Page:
It was very well organized and I liked that they kept the group size small at less than 10. Since the islands are scarcely populated, a tour guide was essential and ours knew each dive spot really well, giving us tips on fish species, currents and what to look for before each dive. This gave us ample opportunity to socialize if we wanted to or to enjoy some “alone” time on the island.
For lodging, I booked a National Park bungalow with my girls instead of a tent on the beach which, in hindsight, was great. Indeed, the bungalow had electricity at night and became “electronic device recharge central” for others on the same trip. Overall, Blue Guru Diving did a stellar job on this Mu Ko Surin trip and the fact they are conscious of environmental pressures on coral reefs (and organize coral clean-ups) only makes them a better choice in my books.
In the Gulf of Siam, Koh Chang is a large island that was only recently developed, as I remember going there in the late 80s and 24/7 electricity hadn’t arrived yet. It’s now fully electrified and daily ferries take tourists from the mainland piers to Koh Chang. Mu Ko Chang National Park includes 52 islands but the real snorkeling gem is Ko Rang, a small island surrounded by barely emerging rocky islands that make for fun snorkeling at low depths.
What really blew us around Koh Rang were the schools of fish. If we dived just 6 or 8 feet underwater, we could be surrounded by schools of fusillier fish, yellowtail barracuda or schooling banner fish. As soon as we entered the water, there were fish all around us.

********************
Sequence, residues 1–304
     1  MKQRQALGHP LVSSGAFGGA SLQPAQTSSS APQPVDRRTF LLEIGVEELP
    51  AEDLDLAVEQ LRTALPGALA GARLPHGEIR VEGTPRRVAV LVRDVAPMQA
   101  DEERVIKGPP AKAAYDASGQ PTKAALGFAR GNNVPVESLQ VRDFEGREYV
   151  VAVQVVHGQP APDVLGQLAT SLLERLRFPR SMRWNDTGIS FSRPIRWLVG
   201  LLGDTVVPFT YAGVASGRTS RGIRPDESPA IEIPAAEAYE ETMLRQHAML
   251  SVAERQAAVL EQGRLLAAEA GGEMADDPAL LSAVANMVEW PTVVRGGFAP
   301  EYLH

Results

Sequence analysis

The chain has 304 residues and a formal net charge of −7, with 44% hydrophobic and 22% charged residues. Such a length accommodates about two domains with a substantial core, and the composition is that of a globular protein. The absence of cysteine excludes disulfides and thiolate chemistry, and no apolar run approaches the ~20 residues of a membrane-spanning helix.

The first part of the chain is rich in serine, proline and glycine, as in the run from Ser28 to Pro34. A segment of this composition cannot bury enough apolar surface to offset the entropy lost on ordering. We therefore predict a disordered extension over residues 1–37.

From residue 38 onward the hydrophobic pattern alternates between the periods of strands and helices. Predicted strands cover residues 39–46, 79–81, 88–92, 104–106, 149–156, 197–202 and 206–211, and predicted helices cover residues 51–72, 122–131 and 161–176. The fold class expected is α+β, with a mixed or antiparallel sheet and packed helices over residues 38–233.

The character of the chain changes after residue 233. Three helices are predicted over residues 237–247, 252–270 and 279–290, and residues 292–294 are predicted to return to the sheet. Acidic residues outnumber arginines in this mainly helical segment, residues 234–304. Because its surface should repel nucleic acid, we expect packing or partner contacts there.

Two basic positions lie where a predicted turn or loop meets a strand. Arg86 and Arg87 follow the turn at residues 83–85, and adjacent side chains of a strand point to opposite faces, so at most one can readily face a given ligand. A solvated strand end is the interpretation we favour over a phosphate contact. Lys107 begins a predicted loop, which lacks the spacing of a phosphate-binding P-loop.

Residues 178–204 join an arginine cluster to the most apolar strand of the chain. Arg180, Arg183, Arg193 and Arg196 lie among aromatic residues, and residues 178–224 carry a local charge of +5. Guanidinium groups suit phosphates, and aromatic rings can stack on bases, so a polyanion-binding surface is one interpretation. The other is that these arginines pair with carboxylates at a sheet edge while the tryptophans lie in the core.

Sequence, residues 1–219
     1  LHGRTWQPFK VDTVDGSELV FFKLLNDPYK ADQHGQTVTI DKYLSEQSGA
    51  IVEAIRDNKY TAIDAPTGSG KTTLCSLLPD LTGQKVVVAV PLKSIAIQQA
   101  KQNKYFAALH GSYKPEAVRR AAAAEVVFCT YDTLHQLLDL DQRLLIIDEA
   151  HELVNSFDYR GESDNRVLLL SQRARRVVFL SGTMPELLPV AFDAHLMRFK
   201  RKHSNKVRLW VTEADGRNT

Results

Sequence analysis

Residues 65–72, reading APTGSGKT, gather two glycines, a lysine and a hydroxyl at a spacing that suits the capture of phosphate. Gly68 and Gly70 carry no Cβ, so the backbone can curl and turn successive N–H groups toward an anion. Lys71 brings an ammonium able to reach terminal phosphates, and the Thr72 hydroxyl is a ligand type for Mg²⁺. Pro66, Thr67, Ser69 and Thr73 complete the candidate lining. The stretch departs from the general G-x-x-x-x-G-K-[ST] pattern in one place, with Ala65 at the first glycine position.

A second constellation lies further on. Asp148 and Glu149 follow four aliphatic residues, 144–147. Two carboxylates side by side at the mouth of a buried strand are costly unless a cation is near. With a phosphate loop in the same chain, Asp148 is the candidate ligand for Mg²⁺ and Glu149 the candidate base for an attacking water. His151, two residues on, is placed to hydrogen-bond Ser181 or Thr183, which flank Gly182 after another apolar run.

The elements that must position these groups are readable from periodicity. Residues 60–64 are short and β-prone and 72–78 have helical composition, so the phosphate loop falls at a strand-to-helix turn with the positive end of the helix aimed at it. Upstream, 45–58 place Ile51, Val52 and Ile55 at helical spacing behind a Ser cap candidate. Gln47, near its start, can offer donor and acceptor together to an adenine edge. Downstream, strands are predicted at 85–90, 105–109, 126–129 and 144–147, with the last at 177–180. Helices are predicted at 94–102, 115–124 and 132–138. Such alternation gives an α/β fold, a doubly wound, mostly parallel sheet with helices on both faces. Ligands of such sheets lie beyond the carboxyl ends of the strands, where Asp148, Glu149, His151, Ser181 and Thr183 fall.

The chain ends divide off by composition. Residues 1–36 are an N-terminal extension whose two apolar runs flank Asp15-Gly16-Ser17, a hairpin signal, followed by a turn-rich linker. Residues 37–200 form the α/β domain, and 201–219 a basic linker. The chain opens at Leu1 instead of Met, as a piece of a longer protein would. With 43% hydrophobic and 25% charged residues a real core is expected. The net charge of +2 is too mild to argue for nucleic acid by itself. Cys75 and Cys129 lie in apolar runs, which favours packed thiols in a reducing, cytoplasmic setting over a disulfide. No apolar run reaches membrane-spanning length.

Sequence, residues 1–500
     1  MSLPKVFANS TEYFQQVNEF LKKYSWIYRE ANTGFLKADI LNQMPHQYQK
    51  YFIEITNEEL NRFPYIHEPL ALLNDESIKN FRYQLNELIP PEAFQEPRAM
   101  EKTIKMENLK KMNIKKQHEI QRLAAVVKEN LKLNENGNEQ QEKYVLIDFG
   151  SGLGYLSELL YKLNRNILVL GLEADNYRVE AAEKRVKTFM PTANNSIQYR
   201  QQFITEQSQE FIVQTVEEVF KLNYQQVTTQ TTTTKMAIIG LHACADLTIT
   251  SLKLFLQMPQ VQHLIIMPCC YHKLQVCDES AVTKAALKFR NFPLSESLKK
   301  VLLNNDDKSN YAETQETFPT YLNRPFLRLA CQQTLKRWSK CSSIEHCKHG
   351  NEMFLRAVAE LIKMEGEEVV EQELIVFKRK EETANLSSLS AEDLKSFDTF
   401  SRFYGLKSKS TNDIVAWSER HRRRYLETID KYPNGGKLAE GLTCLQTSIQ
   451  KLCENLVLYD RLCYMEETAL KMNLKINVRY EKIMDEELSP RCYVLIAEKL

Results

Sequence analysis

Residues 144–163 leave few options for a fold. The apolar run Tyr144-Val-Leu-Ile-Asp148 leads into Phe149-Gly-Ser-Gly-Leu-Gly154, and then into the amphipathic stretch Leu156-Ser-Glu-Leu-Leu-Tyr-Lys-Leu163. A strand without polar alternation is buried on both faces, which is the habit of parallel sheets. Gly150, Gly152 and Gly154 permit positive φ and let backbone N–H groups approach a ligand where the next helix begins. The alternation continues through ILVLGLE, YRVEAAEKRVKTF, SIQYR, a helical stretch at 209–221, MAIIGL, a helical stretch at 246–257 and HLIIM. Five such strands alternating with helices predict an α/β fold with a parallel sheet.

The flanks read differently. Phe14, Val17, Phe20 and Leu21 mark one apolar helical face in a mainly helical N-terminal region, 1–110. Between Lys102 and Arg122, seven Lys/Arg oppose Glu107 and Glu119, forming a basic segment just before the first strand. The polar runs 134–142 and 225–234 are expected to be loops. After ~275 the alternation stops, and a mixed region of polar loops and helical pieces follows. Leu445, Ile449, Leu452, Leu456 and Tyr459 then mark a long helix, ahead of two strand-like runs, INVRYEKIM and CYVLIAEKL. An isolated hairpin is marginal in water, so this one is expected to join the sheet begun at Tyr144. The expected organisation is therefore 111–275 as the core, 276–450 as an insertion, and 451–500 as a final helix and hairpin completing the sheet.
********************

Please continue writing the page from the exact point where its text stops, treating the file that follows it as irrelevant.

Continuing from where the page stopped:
The kids loved seeing the schools of fish swim in harmony, all coordinated in the same direction, then break up suddenly, as soon as a bigger fish–presumably predator–arrived, to regroup and reform their school a few feet later. How do they do that? It’s a fascinating ballet and we’ve often seen that behavior in aquariums.
Giant purple anemones played host to many shy small fish that went in and out of the tentacles, like they were streets in a city. Watching the yellowish green tentacles sway with the current was hypnotizing. You can’t stop watching! Other sea creatures included giant clams and sea urchins, from which we kept a respectful distance. The beauty of snorkeling is that you’re in the tank with the fish–no aquarium windows to keep you far or “safe”–and as you’re only a guest, you learn to behave quickly. Sadly, most corals were bleached but the fish diversity was definitely there, indicator of a healthy ecosystem.
We took a half-day trip from Koh Mak–where we were staying at Koh Mak Cococape Resort–to Koh Rang with BB Divers. It was the afternoon tour, as the morning tour was already full, but it turned out that we had fewer crowds on site. They came to pick us up at the resort and took us on a boat ride to Koh Rang. There, we did two dives on different snorkeling reefs, taking a break on an idyllic beach in between dives. They provided snorkeling equipment, life jackets, fresh fruit and drinks.
BB Divers was great in terms of safety and logistics but you could tell that they were churning out tourists by the bucket-load. For instance, our boat was fully packed with more than 20 tourists and there was hardly any space for our belongings.
The owner of BB Divers, a German lady, also said some very disconcerting things that made me wonder how aware she was of issues faced by coral ecosystems. She was convinced that coral bleaching was not happening in the Gulf of Siam and that these corals had always been white, a fact that’s documented to the contrary in many independent studies. Bottom line. It’s only a half-day trip so I’d say, go for it, but don’t expect too much if you’re a big ocean lover.
To help preserve the oceans and these snorkeling sites, please follow these ethics & guidelines.